VC firm Innova Memphis has expanded its livestock-tech roster with the addition of iYOTAH Solutions, a data management software platform geared towards the livestock industry. The firm recently led a $2.8 million Series A round for iYOTAH via its Innova Ag Innovation Fund VI, which is part of the Rural Business Investment Program (RBIP) bringing more capital to rural areas of the US.
The addition of iYOTAH to the Innova portfolio also underscores the firm’s focus on “high-potential” early-stage startups that build tools specifically for farmers and growers. When it comes to data management for that group, there’s a massive opportunity, says Innova.
Solving for ‘the swivel chair problem’
iYOTAH was founded in 2019 “with the intent to solve the data challenges the livestock industry is experiencing with multiple data sets and sources that don’t collaborate or drive actionable insights,” CEO and founder Kari Spaan tells AgFunderNews.
The company started out in the dairy sector, where data comes in many forms and from many sources: herd management, feed management, health data from wearables, and milk processing data, to name just a few.
All of this data needs to be collected and centralized before farmers can use it to make decisions about their operation. Much of that process is currently manual.
For example, one recent survey noted that more than half of farmers said using integrated data was useful. However, nearly half also stated they integrate their data manually. The majority of farmers not using integrated data cited “the lack of required software” and “lack of time.”
Spaan calls this the “swivel-chair problem.” In other words, farmers are constantly having to shift in multiple directions to various sources (digital or otherwise) to access and understand data.
“Throughout the dairy industry, one of the [operators’] biggest challenges you will hear about is that there’s never enough time,” she says.
“Producers and their surrounding community view time as a valuable commodity, and spending multiple hours to pull data together to make effective decisions is not an efficient use of this commodity. On top of this, the ‘challenge’ only gets worse with the adoption of more and more technology.”
“Because of [the lack of automated data management], there are multiple inefficiencies, lost profits and missed opportunities making it difficult to optimize operations.”
IYOTAH’s “business intelligence SaaS platform,” dubbed “nTell,” aggregates all of that disparate data “in order to simplify decision making, increase efficiencies and profits, and drive continuous improvement,” says Spaan.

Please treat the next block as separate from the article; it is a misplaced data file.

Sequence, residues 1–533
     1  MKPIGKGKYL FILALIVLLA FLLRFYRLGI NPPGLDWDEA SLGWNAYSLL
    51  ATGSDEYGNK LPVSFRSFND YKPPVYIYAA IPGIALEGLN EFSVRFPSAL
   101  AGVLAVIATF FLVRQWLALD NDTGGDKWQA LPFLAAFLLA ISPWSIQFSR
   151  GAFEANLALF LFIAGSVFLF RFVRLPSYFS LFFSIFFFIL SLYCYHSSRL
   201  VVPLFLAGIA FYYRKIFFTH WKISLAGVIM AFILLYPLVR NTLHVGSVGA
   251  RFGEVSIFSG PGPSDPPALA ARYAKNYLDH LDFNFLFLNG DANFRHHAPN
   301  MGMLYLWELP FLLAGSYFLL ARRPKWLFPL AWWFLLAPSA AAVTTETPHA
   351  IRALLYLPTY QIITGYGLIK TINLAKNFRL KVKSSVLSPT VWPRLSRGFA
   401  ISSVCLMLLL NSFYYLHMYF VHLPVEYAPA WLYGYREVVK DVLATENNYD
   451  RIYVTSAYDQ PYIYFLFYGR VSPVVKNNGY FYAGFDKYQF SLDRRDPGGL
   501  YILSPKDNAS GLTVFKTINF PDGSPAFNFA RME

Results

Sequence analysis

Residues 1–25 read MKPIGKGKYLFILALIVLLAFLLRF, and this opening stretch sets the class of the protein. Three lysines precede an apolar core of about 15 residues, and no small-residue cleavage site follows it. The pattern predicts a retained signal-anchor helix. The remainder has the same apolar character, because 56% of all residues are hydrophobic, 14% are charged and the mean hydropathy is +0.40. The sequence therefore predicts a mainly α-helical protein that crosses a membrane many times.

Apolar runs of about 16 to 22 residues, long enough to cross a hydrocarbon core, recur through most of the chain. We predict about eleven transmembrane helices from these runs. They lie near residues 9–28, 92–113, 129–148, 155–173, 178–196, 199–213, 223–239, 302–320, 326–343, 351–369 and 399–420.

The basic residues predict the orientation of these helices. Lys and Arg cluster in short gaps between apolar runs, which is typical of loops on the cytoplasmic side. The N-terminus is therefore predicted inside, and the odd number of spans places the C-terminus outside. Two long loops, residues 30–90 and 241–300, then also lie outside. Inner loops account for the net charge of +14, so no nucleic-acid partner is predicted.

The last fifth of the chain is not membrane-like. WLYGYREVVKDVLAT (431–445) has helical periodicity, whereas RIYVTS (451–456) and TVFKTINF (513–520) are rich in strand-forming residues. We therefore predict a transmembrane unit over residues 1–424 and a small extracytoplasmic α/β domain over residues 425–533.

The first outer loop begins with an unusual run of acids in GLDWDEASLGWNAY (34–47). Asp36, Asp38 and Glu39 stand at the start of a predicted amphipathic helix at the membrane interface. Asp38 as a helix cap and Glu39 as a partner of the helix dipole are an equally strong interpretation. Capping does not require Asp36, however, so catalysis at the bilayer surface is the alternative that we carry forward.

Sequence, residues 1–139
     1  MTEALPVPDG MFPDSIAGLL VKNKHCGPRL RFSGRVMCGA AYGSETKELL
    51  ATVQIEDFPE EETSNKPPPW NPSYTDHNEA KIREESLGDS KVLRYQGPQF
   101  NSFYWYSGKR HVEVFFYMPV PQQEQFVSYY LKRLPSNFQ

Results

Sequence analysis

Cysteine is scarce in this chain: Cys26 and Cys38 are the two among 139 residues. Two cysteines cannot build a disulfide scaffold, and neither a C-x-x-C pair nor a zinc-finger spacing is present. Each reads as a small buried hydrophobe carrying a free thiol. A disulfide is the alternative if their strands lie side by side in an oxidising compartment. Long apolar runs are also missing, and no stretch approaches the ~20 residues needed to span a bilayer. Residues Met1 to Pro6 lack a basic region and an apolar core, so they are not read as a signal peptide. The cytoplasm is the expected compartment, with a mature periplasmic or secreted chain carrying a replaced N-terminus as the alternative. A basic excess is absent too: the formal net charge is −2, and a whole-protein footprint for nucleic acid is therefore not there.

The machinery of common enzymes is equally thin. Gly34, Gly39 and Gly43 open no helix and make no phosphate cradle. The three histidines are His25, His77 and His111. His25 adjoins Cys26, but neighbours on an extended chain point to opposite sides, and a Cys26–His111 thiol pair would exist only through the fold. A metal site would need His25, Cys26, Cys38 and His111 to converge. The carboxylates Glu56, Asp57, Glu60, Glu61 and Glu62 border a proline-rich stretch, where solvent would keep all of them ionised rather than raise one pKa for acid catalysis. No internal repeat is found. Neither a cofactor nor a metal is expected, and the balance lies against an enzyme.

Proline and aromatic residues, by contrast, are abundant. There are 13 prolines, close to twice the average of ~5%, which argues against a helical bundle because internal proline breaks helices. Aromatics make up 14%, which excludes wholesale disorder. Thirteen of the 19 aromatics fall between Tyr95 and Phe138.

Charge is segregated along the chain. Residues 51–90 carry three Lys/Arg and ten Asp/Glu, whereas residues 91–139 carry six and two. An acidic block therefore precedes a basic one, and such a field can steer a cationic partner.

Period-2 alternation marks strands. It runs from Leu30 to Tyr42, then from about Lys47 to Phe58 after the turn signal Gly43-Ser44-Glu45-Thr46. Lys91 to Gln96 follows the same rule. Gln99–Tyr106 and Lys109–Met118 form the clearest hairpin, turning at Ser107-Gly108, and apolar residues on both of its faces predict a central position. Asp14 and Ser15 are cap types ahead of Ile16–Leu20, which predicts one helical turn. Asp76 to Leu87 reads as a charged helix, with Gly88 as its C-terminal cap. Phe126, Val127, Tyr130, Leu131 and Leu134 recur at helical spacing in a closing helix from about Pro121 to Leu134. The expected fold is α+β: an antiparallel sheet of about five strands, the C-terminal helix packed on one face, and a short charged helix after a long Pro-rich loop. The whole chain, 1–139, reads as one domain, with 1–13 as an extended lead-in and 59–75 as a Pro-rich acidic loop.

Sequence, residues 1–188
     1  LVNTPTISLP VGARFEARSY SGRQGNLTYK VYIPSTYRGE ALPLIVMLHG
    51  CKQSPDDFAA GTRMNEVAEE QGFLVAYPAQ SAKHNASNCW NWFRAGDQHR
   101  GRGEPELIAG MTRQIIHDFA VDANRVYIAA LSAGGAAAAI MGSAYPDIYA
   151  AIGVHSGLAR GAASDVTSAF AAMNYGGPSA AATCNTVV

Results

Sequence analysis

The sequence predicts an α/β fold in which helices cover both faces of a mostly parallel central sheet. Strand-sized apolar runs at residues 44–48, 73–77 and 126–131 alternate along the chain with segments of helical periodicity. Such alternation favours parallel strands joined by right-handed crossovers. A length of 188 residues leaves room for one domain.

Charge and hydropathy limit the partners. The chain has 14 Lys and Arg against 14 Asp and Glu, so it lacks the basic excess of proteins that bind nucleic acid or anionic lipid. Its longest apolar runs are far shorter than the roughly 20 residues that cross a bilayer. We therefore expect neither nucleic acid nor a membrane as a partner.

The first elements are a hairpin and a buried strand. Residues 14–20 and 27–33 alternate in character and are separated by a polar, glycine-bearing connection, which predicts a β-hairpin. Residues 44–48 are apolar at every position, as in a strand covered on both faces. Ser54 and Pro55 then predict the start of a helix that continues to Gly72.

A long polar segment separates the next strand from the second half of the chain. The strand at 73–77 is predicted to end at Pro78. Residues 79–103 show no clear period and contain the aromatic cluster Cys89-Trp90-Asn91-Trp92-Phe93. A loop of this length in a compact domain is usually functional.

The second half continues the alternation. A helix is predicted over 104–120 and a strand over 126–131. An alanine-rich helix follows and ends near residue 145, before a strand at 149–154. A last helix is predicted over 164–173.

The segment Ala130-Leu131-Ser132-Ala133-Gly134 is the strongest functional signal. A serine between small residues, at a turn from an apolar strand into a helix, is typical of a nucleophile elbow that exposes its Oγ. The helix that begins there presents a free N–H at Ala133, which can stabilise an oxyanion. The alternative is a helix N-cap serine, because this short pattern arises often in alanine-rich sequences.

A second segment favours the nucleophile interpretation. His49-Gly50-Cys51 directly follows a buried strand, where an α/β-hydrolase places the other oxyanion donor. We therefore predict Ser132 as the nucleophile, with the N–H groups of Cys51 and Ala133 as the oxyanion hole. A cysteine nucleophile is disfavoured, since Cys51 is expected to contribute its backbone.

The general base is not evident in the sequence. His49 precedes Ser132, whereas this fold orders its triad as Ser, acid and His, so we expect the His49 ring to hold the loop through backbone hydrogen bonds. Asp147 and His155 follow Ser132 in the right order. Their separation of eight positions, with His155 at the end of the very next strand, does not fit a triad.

“This is what the dairy industry needs right now to address the tight margins, and transform businesses from reactive to proactive,” she adds. “For some farms, identifying a half of a percent of efficiency can lead to millions of dollars of revenue or savings.”
iYOTAH’s product is partially in the market now; it will be fully commercialized in the second quarter of this year, at which point users will be able to self onboard.
A ‘huge opportunity’ for data management
Innova managing partner Jan Bouten highlights iYOTAH’s ability to work with large volumes of data as a standout feature of the company.
“It’s easy to build something small,” he tells AgFunderNews. “Then [companies] take it out there as the MVP [minimum viable product] and realize that at some point, it’s got to scale. That’s when they basically have to rip it all out and do it again, and that’s the best way to lose customers.”
This, he says, is especially true in agriculture, which is still very much a trust-based system. “You cannot go to a customer with a bad MVP because they talk to each other way more than in any other industry.”
Bouton also highlights iYOTAH’s focus on operations as an important area for future agtech innovation.
“There’s been so much focus in agtech on optimizing inputs, seed treatments, all these these specific things to do with the growing crops,” he says. “But the operations of the farms and the producers, it’s something there hasn’t been a lot of focus on. There are a lot of old systems out there that are very good at their one little thing, like monitoring. They have all these different data feeds that don’t talk to each other. A lot of them are stuck in spreadsheets or proprietary programs that are not in the cloud.”
Asked what challenges agtech can address for the livestock industry, Bouten suggests grappling with scale is one major issue, hence the new investment in an operations platform.
“In the whole protein sector, whether it’s milk or meat, the margins are so little per head you see the farms getting bigger and bigger,” he says.
By way of example, he says the average medium-sized pork producer does north of 1 million pigs per year, making $10/pig over time. To become a $10 million-profit company, the farm needs 1 million pigs.
“The only way to do that is scale.”
Another area that needs focus is bringing more economic benefit to producers.
“The farmers that spend the most time and invest the most in it get the least back, because it’s a commodity product. It’s the same in pork, beef, it’s the same in chicken. They have no power over pricing.”
At the same time, surveys have shown consumers are willing to pay more for premium meat. The trouble, suggests Bouten, is that producers don’t see any of that extra money coming down to them.
“Figuring out a way to connect consumer willingness to pay more with the farmer” is an as-yet unsolved problem the industry will need to address.
“I think that’s been tried with direct-to-consumer subscriptions, but how do you do that in a scalable way?” says Bouten. “I don’t have solution, but I’ll invest in it when I see it.”